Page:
The problem with playing lefties is two-fold: first, their shots come out differently than righties, and second, your natural ball placement to a righty is usually wrong against a lefty. The first part is more or less a matter of playing lefties until you get used to how their shots come out. The two shots from a lefty that most commonly mess up a righty are aggressive crosscourt backhands to the wide forehand, and their serves, especially forehand serves into your forehand that break away. (Hint - if you wait until the last second and then lunge for the ball as it breaks away, you're probably going to miss. Since you probably lower your racket as you lunge, you will probably go long.) It's just a matter of getting used to these shots.
One trick for returning a lefty's forehand serve into your forehand is to aim the ball down the line to the lefty's forehand. The lefty has to be ready to cover that shot, and so at the last minute you can take the ball crosscourt into their backhand. (This is assuming they are stronger on the forehand; if the reverse, you may do the reverse.)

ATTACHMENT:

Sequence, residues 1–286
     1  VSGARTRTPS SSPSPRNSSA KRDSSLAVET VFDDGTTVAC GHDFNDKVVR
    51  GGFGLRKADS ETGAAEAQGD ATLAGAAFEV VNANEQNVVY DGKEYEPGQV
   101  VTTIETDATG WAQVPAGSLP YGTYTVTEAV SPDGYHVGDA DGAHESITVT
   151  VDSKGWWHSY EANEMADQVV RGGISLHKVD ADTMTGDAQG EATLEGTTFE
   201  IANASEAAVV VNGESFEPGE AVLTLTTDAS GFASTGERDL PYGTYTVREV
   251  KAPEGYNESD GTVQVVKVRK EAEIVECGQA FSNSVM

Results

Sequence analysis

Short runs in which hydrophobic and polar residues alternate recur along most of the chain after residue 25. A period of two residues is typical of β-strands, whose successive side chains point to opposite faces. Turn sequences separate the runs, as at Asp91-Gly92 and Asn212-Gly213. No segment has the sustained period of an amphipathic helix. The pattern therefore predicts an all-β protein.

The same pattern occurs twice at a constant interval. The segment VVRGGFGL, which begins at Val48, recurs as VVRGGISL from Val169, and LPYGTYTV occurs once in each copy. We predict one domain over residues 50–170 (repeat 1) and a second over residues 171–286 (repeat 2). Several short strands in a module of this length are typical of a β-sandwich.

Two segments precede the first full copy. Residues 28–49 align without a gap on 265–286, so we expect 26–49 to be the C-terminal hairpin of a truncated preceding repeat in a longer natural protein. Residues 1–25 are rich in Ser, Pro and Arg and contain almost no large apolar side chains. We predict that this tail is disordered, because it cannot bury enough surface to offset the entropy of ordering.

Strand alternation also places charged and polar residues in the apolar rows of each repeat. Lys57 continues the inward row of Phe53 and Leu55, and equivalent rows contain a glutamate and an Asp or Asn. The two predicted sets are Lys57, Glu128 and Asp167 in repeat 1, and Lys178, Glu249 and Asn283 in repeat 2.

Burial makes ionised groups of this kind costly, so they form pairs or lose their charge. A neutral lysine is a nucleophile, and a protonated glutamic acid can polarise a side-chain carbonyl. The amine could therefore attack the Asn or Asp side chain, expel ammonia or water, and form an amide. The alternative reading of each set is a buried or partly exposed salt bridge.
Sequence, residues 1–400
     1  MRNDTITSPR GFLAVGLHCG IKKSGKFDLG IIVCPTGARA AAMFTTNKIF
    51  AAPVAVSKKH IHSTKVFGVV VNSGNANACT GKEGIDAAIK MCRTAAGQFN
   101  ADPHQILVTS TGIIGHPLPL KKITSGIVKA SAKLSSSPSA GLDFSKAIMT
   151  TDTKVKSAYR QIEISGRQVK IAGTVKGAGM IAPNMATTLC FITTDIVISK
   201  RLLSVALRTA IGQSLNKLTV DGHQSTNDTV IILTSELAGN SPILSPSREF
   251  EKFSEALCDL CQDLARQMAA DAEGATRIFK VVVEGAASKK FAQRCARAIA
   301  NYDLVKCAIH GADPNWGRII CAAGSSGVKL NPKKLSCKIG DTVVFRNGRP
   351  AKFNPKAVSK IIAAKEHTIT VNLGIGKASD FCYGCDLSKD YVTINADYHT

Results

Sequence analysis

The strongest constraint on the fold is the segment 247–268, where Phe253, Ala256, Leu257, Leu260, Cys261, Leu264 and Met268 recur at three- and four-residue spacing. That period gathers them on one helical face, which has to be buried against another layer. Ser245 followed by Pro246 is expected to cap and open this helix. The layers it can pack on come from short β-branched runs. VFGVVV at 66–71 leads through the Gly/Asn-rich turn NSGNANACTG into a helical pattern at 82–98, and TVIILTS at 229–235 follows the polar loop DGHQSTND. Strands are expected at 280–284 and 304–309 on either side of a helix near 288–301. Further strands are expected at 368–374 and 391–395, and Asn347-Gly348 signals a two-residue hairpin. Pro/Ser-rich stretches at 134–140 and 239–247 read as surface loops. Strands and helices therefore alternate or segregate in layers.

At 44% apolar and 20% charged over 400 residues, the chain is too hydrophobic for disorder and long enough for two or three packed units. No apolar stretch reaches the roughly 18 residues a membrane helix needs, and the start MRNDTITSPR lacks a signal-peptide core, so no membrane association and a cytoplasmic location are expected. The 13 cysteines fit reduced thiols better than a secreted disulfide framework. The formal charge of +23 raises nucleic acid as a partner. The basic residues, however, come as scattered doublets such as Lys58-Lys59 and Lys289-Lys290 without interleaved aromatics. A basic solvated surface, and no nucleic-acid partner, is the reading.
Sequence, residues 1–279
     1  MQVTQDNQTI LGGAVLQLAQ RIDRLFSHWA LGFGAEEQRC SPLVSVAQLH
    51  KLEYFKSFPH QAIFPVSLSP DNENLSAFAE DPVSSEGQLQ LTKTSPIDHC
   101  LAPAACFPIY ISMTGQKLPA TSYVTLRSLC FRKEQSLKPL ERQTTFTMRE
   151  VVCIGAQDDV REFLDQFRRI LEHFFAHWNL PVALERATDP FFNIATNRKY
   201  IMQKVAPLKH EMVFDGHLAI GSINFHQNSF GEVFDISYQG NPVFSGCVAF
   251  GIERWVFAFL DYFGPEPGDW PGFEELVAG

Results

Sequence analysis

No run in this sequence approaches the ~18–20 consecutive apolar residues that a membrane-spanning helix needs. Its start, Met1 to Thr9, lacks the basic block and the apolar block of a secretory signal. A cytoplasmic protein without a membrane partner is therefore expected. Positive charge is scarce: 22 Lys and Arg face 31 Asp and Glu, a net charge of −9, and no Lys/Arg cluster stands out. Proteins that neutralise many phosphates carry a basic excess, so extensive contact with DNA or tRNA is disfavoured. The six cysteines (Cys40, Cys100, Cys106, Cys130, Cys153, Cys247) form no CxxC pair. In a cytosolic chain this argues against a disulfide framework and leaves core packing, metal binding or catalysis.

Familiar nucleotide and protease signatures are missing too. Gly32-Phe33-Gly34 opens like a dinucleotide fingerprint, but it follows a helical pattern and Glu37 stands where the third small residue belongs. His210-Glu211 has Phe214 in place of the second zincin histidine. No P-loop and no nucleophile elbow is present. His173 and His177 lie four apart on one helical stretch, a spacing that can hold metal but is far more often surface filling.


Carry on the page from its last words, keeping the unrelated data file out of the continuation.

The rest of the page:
Assuming you are comfortable against a lefty's shots, then the key becomes tactical. Where do you want to play your shots? For example, against a righty, you might play steady shots to the backhand, knowing the opponent can't put his backhand through you - but now that same shot goes into a lefty's forehand, where he may have more power. Or you might play quick shots to a righty's forehand, if your backhand is quicker than the opponent's forehand - but now that shot goes into a lefty's backhand, which not only may be as quick or quicker than your backhand, but also gives him that wide angle into your forehand.
So you may want to rethink your basic ball placement shots - but also use the reverse. Against a lefty, now you can hit quick, aggressive backhands crosscourt into their wide forehand; now you can lock them up on their backhands with your forehand into their backhand. Plus now you can use your own forehand pendulum serve that breaks into their forehand. (Though here the lefty has an advantage - he's probably more used to a righty doing that to him than you are used to a lefty doing it to you.)
So there are really three basic keys to playing a lefty - the aforementioned getting used to their shots and ball placement. However, the latter is really two things - learning (instinctively) what shots you do against righties that you don't want to do against lefties, and learning (also instinctively) what shots you normally don't do against righties that work against lefties.